• Onion and Herb Cheddar Cheese Curds

beer nuts5) BEER NUTS

These are a must try tasty treat. BEER NUTS are made fresh in Bloomington, IL. They are shipped nationwide to all fifty states as well as several foreign countries. Be sure to stop by one of their two BEER NUTS Company Stores in Bloomington, IL for the freshest taste of America’s tastiest nuts.

6) Any of your favorite fruits and vegetables from your local farm standbuy fresh

Buying local provides you with freshly picked, locally grown produce. It also helps support your local community! Here in Bloomington, IL we have Browns Fresh Produce where they hand-pick fresh each morning. This provides the “absolute freshest, best tasting produce anywhere.” At Browns Fresh Produce they grow over 25 different vegetables as well as many different fruits such as: cantaloupe, watermelon, strawberries, peaches, and apples. They also sell dairy and eggs.

ElizabethElizabeth O’Reilly
IL Corn summer intern


Unless you have been living under a rock, you are aware that farmers and ag businesses alike have begun to have more conversations with some of our more urban consumers who have questions about the food we are putting on their tables. This is somewhat of a new concept for our industry, but it presents us with an opportunity to speak to a genuinely interested audience about what we do and why we do it. Most (if not all) of the people who work in the agriculture industry are incredibly proud of what they do, so it is no surprise that many farmers seize the opportunity to teach people about the different things that happen on their farm.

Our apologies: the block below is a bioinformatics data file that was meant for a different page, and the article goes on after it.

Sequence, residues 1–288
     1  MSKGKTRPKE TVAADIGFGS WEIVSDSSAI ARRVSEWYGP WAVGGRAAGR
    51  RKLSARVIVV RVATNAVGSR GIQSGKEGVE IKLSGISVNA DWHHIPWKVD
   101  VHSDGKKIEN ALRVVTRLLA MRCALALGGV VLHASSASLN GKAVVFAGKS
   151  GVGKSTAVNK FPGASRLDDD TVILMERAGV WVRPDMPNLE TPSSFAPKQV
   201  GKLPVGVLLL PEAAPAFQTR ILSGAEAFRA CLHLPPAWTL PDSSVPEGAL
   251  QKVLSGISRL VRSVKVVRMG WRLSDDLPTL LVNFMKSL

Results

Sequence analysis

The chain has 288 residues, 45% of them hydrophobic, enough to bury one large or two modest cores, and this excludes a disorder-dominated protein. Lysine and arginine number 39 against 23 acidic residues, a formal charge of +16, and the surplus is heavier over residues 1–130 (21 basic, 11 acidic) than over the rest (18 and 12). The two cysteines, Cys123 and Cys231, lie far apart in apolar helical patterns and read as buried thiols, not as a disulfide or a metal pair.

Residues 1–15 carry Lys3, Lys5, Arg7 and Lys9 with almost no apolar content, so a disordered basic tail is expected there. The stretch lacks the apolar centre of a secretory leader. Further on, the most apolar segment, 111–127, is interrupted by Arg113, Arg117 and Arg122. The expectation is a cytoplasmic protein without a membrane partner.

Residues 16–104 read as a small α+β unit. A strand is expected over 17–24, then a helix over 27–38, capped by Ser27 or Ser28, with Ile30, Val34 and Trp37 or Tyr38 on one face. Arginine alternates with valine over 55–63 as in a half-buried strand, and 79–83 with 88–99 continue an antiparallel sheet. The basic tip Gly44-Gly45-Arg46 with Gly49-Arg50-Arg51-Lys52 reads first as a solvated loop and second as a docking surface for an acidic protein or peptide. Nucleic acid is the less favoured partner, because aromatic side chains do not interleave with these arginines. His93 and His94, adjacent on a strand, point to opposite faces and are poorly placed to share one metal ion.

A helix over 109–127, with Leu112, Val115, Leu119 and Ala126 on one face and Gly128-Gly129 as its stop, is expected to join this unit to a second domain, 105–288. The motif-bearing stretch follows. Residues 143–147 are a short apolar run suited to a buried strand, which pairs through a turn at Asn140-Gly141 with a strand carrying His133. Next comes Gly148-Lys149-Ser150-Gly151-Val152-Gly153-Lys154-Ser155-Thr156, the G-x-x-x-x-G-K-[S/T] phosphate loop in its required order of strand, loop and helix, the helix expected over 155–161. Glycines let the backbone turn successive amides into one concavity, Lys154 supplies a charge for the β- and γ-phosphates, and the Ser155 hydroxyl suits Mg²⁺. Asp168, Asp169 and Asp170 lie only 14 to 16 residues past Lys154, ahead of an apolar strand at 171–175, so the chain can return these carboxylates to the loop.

One way those interested urban consumers have been able to learn about their food is through the Illinois Farm Families program. This program, which is funded in part by the Illinois Corn Marketing Board, allows moms from the Chicago area (Field Moms) to go on various farm tours to experience farming first hand and have a conversation about their food with the people who are actually growing it. Paul Jeschke, the ICMB District 5 director, and his wife Donna have welcomed multiple groups of Field Moms onto their farm for a tour and discussions about the crops they grow on their farm. Watch the video below to get a glimpse of what it is Paul and Donna are doing to help spread the word about agriculture:

If you are interested in learning more about the Illinois Farm Families program, visit www.watchusgrow.org

rsandersonRosalie Sanderson
Membership Administrative Assistant

Summer Travelers Face High Gas Prices

With summer time travel in full gear you may have noticed that when you pull up to the pump the price is continuously going up. Nationally, gas prices are at a six-year high for this time of year. It is estimated that nearly 35 million drivers hit the road this past Fourth of July holiday weekend. Last week, the July 1st United States average price for a gallon of unleaded, regular gas was $3.67.

As gas prices are going to continue increasing, finding the nearest pump that offers ethanol blends is going to be crucial in saving you money. Consumers can find ethanol blends at many gas stations in the state and nationwide. Ethanol fuel prices are reasonably lower than traditional gas prices as currently the price of wholesale ethanol is one dollar cheaper than wholesale gasoline, thus saving consumers of ethanol a good amount of money at the pump.